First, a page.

If you’re new to the world of cannabis, you’ve probably been more than a little confused at all the different descriptions for cannabis strains. Even seasoned cannabis industry pros can get a little caught up in these naming conventions. However, once you get through the jargon, cannabis descriptions actually make sense.

This is your guide to understanding the complicated world of cannabis strain descriptions.

The Basics of Cannabis Strains

There are a lot of misconceptions around cannabis like can you smoke weed on antibiotics and how cannabis strain descriptions work.

There are two sets of descriptions used for cannabis plants. The first is for consumers. These descriptions cover the flavor, effects, and often include a named cultivar like “kush.” This information is great for people looking for a particular cannabis experience, but it’s not so good for people who are looking to grow.

Strain descriptions are for growers whether your operation is commercial or at home. These don’t talk about the taste of the strain, but about its genetics and growing conditions. This lets growers get a good sense of what they are buying so that it fits in their operation.

Cannabis Strain Descriptions

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These descriptions contain the information that growers need. You’ll find information on the growing techniques, nutritional requirements, and other info about the genetics of the strain here.

There is also usually a brief note about taste and aroma, but this is just a general description not something meant for consumers further down the market.


Did you know there are actually rules for how cannabis plants are named? It goes like this:

The first name in the cannabis strain is the name of the female plant that was the pollen recipient during the crossbreeding. The second name is the male plant that donated pollen during the crossbreeding. The second name could be another female plant if this hybrid was made using reverted feminized seeds.

This covers just the basic name of the plant, but gives you a good sense of its genetic history. Crossbreeds often have very similar characteristics of their parents which helps growers set up their operations.


Information like how weed and antibiotics react with each other isn’t usually covered here, but the details about the seeds are! These seeds come in three varieties:

  • Feminized Seeds – Produced by two female plants
  • Regular Seeds- Produced by a male and a female plant
  • Autoflowering seeds – Seeds that do not require a pollen donor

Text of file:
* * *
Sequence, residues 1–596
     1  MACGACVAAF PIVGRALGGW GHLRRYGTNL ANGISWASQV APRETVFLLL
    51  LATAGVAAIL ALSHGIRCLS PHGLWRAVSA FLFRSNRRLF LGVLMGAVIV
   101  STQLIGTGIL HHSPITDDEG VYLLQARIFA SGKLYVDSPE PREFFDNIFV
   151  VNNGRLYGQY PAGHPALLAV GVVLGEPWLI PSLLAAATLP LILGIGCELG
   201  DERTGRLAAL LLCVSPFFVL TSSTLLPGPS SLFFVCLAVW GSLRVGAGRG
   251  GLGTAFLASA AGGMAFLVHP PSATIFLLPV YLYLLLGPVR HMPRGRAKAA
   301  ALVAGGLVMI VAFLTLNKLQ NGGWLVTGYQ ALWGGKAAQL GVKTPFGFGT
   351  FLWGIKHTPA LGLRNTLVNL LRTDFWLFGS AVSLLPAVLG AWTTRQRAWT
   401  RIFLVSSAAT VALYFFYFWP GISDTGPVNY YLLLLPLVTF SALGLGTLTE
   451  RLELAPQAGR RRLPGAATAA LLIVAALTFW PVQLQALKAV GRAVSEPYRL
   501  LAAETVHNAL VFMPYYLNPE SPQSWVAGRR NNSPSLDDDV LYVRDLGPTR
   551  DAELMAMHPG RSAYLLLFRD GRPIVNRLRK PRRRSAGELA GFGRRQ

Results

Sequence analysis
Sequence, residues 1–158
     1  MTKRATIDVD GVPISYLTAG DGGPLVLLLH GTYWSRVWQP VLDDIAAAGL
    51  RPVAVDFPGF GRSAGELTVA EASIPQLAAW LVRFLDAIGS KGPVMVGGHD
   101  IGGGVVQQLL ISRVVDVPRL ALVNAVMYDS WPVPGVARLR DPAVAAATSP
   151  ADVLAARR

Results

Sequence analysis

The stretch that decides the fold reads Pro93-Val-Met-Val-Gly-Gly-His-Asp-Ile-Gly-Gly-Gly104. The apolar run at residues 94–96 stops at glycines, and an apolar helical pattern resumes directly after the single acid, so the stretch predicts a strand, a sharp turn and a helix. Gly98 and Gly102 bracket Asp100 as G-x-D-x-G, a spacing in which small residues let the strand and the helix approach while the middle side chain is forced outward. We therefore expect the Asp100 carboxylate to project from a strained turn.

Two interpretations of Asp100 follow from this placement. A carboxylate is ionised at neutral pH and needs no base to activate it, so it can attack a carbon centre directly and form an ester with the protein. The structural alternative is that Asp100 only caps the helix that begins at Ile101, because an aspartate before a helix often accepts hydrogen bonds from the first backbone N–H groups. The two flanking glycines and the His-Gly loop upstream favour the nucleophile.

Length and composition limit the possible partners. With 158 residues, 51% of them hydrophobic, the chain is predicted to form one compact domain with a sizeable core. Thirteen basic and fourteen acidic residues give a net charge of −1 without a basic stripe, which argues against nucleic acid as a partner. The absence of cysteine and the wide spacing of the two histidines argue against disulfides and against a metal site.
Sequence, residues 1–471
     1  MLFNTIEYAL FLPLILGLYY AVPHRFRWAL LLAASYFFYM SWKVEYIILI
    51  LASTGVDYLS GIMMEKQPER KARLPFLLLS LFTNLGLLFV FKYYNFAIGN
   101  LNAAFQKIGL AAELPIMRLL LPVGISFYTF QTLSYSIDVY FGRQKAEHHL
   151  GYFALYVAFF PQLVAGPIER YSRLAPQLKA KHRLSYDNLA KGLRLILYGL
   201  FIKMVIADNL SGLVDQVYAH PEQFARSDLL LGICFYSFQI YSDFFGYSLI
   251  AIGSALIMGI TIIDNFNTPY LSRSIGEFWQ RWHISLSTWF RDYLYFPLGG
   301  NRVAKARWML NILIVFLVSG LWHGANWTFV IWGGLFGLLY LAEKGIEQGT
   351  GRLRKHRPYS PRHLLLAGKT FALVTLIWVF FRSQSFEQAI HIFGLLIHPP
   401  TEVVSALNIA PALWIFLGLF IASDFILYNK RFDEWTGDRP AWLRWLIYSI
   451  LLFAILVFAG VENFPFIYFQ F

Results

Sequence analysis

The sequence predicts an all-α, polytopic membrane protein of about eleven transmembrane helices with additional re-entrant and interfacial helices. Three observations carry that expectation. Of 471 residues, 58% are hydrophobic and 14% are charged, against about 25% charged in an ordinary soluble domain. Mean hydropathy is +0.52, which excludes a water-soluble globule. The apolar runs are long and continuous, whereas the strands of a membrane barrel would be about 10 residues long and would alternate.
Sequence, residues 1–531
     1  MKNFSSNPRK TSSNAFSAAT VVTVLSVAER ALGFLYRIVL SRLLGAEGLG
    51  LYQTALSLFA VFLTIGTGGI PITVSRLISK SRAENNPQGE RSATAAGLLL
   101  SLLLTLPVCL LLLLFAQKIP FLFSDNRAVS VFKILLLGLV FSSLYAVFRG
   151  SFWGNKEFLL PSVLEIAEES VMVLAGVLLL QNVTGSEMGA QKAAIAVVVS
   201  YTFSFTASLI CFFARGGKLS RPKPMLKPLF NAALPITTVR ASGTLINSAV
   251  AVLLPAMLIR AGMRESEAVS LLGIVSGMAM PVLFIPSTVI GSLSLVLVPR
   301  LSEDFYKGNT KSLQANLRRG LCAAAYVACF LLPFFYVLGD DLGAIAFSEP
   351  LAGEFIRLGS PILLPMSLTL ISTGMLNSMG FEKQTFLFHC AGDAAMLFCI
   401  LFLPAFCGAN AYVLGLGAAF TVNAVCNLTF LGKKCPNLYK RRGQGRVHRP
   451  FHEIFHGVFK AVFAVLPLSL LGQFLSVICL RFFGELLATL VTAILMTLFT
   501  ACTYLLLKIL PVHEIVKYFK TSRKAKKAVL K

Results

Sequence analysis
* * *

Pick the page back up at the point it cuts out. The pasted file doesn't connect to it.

Indoor or Outdoor Yields

Cannabis plants are also classed into indoor and outdoor yields. These are two different ways of measuring how much product a plant can produce.

Indoor yields measure in the maximum weight of dried flower while outdoor yields measure in grams per plant. These descriptions also cover nutritional and harvesting requirements.

Indoor Flowering or Outdoor Harvest

There’s a lot of interesting things about cannabis like how amoxicillin and weed interact and the different ways cannabis can be cultivated.

This is important information for growers. You have to cultivate different strains using different techniques. Cannabis strain descriptions include information on what you’ll need to do to cultivate different types of cannabis plants.

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Indoor plants require balanced trichromes of light in order to get the most yield. Outdoor plants need specific growing conditions for the best results. A good description should tell you the essentials for getting a good harvest with this strain.


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Cannabinoid content didn’t used to be included in this information, but due to changes in the market, it’s not a common site when you’re buying seeds.

This information covers the maximum expected content of cannabinoids in your flower. These numbers tend to be lower than what they appear. This is because growing conditions, drying techniques, and other factors often lower the maximum possible concentration of cannabinoids.

This isn’t a bad thing. That number is telling you the most of what you should expect, not the actual numbers you will get. If you follow the growing and harvesting recommendations closely, you’ll get the numbers as stated in the description.

You’ll also find specifics about the cannabinoids in a given strain. Of course you’ll get info on the THC and CBD concentrations, but also on CBG, CNG, and others.

Now that you know the basics of reading strain descriptions, what’s the next move for your growing operation?